In fact, the w3c now has a new requirements document for the next generation of intelligent forms. That doesn't really help web designers because web sites still need to support old browsers. XTP gives web sites the more powerful functionality now.

There are a few other common form extensions:

  • Server defaults
  • Server validation
  • Client validation
  • Client actions

The XTP file itself is simple. It just looks like any HTML page, except form values are called ct:*.


<form action='GuestXtp' method='post'>
  <ct:hidden name='action' value='login'/>
  <tr><td>Name<td><ct:input name='Name'/>
  <tr><td>Password<td><ct:password name='Password'/>
  <tr><td colspan=2>Hint: the password is quidditch
  <tr><td/><td><ct:submit value='Login'/>

The transformation is relatively simple. Copy all properties to the output and add a value attribute if the servlet supplied a default value.

<ct:input size=40 name='Name'/>

<input name=Name size=40 value='Harry Potter'>

XSLT lets stylesheets pull common formatting code into functions using the named template mechanism. The template functions are called with xsl:call-template. xsl:call-template works like xsl:apply-templates, but it passes the current node, not the children nodes.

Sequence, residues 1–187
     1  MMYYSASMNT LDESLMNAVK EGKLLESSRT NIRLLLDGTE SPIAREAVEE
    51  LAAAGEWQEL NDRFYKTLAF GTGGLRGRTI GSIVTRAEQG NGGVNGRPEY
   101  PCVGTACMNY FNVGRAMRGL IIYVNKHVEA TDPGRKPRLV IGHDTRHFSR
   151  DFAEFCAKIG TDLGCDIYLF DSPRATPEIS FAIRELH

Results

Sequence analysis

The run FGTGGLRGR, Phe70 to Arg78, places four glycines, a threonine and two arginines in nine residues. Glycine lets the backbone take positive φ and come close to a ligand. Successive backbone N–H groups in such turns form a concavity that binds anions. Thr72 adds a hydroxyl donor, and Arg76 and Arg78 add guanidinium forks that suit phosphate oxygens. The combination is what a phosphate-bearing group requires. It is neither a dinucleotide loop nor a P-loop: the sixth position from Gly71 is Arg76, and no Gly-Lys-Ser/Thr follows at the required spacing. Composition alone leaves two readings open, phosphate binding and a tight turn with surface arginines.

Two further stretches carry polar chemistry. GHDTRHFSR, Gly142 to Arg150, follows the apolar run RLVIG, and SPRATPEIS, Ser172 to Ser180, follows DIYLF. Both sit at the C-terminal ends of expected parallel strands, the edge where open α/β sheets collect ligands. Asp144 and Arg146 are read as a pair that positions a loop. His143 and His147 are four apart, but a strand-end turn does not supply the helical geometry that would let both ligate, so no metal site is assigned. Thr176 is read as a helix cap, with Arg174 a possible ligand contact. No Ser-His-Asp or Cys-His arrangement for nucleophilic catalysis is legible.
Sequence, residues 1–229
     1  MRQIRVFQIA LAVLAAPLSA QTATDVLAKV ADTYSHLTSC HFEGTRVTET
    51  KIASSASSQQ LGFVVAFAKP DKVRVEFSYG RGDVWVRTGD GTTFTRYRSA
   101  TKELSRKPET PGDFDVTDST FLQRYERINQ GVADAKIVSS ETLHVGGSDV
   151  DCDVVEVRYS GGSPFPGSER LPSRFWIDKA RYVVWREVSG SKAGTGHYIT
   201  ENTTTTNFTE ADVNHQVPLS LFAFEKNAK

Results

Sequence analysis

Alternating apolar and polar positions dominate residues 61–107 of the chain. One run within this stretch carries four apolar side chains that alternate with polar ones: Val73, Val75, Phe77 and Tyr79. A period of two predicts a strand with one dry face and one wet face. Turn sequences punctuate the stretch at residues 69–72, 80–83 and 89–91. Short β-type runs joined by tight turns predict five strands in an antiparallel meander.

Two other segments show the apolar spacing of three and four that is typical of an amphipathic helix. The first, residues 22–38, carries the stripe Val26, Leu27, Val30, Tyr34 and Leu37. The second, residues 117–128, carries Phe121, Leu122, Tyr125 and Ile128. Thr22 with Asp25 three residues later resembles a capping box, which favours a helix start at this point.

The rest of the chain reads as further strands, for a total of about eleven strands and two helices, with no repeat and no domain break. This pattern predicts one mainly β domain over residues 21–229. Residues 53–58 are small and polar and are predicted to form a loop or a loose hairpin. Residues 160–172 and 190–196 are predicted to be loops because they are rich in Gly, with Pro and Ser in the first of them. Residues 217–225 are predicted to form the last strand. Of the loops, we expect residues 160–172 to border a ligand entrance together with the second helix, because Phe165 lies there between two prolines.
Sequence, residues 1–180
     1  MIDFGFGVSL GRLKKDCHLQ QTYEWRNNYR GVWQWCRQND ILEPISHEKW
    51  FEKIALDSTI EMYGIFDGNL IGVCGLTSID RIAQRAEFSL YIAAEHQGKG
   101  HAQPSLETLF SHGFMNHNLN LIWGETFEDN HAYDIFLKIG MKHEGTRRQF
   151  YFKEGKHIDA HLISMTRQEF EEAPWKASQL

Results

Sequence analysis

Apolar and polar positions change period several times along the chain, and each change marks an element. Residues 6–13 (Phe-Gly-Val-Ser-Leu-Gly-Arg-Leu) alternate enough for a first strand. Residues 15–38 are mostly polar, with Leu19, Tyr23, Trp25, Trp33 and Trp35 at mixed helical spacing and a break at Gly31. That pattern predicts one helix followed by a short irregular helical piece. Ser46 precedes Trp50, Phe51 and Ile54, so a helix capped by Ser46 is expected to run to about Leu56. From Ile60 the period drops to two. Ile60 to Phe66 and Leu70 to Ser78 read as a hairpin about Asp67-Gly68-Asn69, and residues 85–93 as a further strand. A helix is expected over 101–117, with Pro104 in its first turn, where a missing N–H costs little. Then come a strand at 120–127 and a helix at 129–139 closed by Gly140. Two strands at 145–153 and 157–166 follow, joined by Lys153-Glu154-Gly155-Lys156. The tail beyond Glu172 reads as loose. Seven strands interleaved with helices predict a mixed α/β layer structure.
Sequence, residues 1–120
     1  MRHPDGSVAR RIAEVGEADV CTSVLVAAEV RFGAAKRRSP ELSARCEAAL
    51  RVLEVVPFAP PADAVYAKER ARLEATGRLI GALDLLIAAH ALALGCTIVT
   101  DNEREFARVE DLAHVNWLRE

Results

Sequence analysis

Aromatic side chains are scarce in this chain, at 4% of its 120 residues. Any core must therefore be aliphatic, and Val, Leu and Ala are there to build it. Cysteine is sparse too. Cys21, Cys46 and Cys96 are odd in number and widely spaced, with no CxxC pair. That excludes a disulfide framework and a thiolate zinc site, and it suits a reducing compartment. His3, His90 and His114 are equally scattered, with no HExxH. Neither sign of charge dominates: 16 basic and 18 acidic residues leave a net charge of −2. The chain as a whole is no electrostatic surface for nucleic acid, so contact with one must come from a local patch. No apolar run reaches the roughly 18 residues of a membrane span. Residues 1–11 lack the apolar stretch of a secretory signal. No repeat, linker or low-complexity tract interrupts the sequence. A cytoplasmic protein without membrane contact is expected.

Because the generated JSP will add an attribute at run time, the form.xsl treats its output as unparsed content. Unknown elements, like <form> or <input> are printed as text. Unparsed content works just like JSP.

fun:copy-attrs is a simple XSLT function which copies the attributes from the XTP element to the output. In the ct:input example above, it will copy name=Name and size=40.

xtp:cache tells Resin that the XSLT results are cacheable. Once it's generated the JSP, it doesn't need to run the XSLT engine again. This greatly improves the performance.

<xsl:stylesheet parsed-content='false'>


<xsl:template name='fun:copy-attrs'>
  <xsl:for-each select='@*'>
    <xsl:text> </xsl:text><{name(.)}>="<{.}>"<xsl:text/>

fun:input-attrs is the core of the form processing. It calls fun:copy-attrs to copy the user's attributes. Then it generates the JSP to add a value attribute if it's available.

<xsl:template name='fun:input-attrs'>
  <xsl:call-template name='fun:copy-attrs'/>
  <xsl:if test='@value'>
  <xsl:if test='not(@value)'>
      <% { 
         var _ct_v = request.attribute["<{@name}>"];
         if (_ct_v == null)
         _ct_v = "";
         out.write(' value="', _ct_v.replace('"', """), '"');

Now that the functions have been defined, creating the individual tags is simple.

<input <xsl:call-template name='fun:input-attrs'/>>

<input type='password' <xsl:call-template name='fun:input-attrs'/>>

<input type=submit <xsl:call-template name='fun:input-attrs'/>>

XTP is a tradeoff. It takes more work to design custom tags than to write standard inline JSP. However, once you've written the tags, using them is a breeze. In the next few months, we'll start building useful libraries of tags similar to Perl's CGI.pl.

An important value of XTP is that it lets web pages use the latest W3C specifications without waiting for all the browsers to support it. For example, the W3C has proposed requirements for intelligent forms. A properly designed form.xsl can implement intelligent forms on the server and support all browsers, not just the browsers supporting the spec.

Tag Libraries